“The survivors are leaving us,” he said on Tuesday at the inauguration of the Berlin office for the Task Force for International Cooperation on Holocaust Education Remembrance and Research (ITF). “Our duty is to make sure that the memory doesn’t recede further, become more abstract or disappear into the fog of history.”
ITF, an organization with 25 member states, aims to insure this doesn’t happen. The organization supports events and educational projects in several countries to promote remembrance of the Shoah.
Just one day before the ITF event, German Foreign Ministry official Dr. Benedikt Haller, who will head the German delegation for the organization, was quoted in the Israeli daily Jerusalem Post that German youth are prone to “Holocaust fatigue.”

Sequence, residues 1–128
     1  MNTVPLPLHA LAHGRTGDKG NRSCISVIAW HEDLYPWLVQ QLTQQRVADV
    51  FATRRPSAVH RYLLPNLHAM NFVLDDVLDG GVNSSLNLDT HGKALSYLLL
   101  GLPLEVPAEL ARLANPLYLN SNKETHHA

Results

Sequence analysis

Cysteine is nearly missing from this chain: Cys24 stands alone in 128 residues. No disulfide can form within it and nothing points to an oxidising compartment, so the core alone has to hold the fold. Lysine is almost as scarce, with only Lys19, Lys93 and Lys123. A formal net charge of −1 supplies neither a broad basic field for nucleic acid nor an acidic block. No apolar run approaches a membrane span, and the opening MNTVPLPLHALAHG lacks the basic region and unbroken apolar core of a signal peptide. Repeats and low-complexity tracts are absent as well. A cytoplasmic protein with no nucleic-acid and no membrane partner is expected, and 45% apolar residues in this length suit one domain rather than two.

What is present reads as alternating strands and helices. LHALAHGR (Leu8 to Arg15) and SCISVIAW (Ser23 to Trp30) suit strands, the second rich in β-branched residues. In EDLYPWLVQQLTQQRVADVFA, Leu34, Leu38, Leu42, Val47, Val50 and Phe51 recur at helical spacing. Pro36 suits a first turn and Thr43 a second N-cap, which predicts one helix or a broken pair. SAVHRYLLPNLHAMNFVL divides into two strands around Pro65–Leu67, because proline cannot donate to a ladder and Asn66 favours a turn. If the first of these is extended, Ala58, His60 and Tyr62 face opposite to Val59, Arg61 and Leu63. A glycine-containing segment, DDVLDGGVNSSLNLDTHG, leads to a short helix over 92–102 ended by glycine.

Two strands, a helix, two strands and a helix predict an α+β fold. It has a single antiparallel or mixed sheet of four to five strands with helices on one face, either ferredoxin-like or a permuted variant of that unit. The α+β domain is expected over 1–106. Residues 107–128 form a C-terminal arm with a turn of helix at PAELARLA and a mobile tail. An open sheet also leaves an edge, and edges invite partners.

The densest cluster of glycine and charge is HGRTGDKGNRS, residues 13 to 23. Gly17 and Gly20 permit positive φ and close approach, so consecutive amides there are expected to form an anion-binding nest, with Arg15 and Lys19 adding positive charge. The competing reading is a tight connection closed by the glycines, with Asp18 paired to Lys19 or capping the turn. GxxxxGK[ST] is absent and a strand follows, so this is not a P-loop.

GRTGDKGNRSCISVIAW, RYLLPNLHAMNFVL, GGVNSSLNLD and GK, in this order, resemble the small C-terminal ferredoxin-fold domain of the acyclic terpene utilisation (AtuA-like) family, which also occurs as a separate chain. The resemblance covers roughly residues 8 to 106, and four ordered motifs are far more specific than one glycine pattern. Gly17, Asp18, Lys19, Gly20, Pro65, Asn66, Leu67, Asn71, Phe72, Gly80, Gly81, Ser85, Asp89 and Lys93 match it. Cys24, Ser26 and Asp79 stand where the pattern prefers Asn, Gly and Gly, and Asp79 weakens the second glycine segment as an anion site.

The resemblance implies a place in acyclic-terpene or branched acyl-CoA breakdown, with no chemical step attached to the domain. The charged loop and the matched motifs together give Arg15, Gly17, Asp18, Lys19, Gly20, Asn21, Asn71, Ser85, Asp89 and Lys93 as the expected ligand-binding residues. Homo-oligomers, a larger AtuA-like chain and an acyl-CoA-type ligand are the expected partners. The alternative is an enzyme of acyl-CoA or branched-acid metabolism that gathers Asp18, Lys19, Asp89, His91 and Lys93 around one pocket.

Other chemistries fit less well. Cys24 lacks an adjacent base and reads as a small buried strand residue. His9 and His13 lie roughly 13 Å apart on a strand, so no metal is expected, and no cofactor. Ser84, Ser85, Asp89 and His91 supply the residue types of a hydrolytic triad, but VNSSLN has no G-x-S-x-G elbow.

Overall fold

The daily reported that Haller attributed an “over-infusion” of Holocaust curriculum to educators who have rebelled against the silence of their parents and grandparents on the issue. Although he was quoted as saying that perhaps some German teachers “overdid it a little,” the paper reported that he stressed that the Holocaust should still be a fundamental part of the curriculum at German schools.
But both educators and Jewish leaders criticized Haller’s comments.
“This is the wrong message to send out when there is so much more work that needs to be done, ” Susan Myers, executive director of the Holocaust Museum in Houston, Texas told the paper. “With anti-Semitism on the rise, this is not the time to slow down,” she said.